[webkit-dev] Unsigned to avoid negative values
achristensen at apple.com
Wed Jan 25 16:10:56 PST 2023
If a value represents a size or a count or something that inherently cannot be negative, I strongly prefer using unsigned types. It reduces the number of places where we need to ask ourselves “what if it’s negative?” when it can never be negative, leading to more straightforward code that doesn’t have to handle impossible cases. It also eliminates the possibility of malicious content somehow incrementing a signed 32 bit integer past its maximum value and executing code with unexpected negative values used in signed comparison operations.
> On Jan 24, 2023, at 11:44 AM, Ryosuke Niwa via webkit-dev <webkit-dev at lists.webkit.org> wrote:
>> On Jan 24, 2023, at 2:00 AM, Myles Maxfield via webkit-dev <webkit-dev at lists.webkit.org> wrote:
>> I recently learned that the C++ core guidelines recommend against using unsigned to avoid negative values. Section 4.4 on page 73 of The C++ Programming Language says unsigned types should be used for bitfields and not in an attempt to ensure values are positive. Some talks by people on the C++ standards committee (e.g., Herb Sutter) recommend against using unsigned types simply because the value is expected to by positive.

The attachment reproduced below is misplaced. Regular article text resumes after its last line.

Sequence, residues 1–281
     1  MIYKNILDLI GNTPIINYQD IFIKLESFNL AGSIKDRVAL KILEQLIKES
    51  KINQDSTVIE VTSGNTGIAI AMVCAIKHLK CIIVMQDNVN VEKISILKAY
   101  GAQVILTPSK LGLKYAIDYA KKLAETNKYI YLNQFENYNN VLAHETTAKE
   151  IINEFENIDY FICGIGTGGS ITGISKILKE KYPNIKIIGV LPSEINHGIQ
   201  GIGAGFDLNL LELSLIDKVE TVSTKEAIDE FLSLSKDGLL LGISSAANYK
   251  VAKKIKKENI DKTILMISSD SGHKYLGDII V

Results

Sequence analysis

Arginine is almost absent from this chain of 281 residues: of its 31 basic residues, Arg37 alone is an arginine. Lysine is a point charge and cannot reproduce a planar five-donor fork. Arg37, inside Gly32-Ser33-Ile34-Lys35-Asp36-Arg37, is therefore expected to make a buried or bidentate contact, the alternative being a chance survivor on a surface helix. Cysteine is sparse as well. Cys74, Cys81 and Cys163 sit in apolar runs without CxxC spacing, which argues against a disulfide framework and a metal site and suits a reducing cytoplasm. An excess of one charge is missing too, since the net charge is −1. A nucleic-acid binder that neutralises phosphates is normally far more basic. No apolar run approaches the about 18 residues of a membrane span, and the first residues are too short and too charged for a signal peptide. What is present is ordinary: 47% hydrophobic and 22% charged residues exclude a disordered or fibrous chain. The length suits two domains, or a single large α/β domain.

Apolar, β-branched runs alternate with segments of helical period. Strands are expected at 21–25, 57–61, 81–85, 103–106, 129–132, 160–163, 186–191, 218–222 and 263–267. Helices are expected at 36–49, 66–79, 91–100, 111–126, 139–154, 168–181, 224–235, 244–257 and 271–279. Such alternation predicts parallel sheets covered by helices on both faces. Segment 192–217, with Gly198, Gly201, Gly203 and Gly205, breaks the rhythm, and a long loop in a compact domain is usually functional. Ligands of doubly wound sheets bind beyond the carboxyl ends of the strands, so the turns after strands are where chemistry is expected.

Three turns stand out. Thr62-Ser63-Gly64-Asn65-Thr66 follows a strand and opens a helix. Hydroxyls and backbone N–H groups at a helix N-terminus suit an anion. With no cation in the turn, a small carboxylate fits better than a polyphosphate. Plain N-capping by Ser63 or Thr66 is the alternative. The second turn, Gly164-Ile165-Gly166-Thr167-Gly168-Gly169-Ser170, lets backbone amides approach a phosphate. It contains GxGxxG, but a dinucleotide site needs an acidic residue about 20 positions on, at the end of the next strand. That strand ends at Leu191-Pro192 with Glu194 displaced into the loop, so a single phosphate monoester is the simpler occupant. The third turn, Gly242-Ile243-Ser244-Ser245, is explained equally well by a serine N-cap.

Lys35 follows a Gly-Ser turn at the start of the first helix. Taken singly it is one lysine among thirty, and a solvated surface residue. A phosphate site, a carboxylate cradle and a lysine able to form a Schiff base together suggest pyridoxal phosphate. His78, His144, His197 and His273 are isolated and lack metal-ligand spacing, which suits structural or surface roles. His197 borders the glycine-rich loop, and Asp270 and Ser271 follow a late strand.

>> Should we be avoiding unsigneds for these purposes? WebKit uses unsigneds all over the place, and I’m assuming a fair many of them are there to indicate that negative values are avoided. The C++ recommendation goes against my intuition that the type is there for clarity, to indicate expectations about the meaning and behavior of its value. But if it’s standard practice to just use int instead, perhaps we should update the style guide?
>> What do you think?
> I don’t think we should change our coding style guidelines just because C++ core guideline says something.
> - R. Niwa
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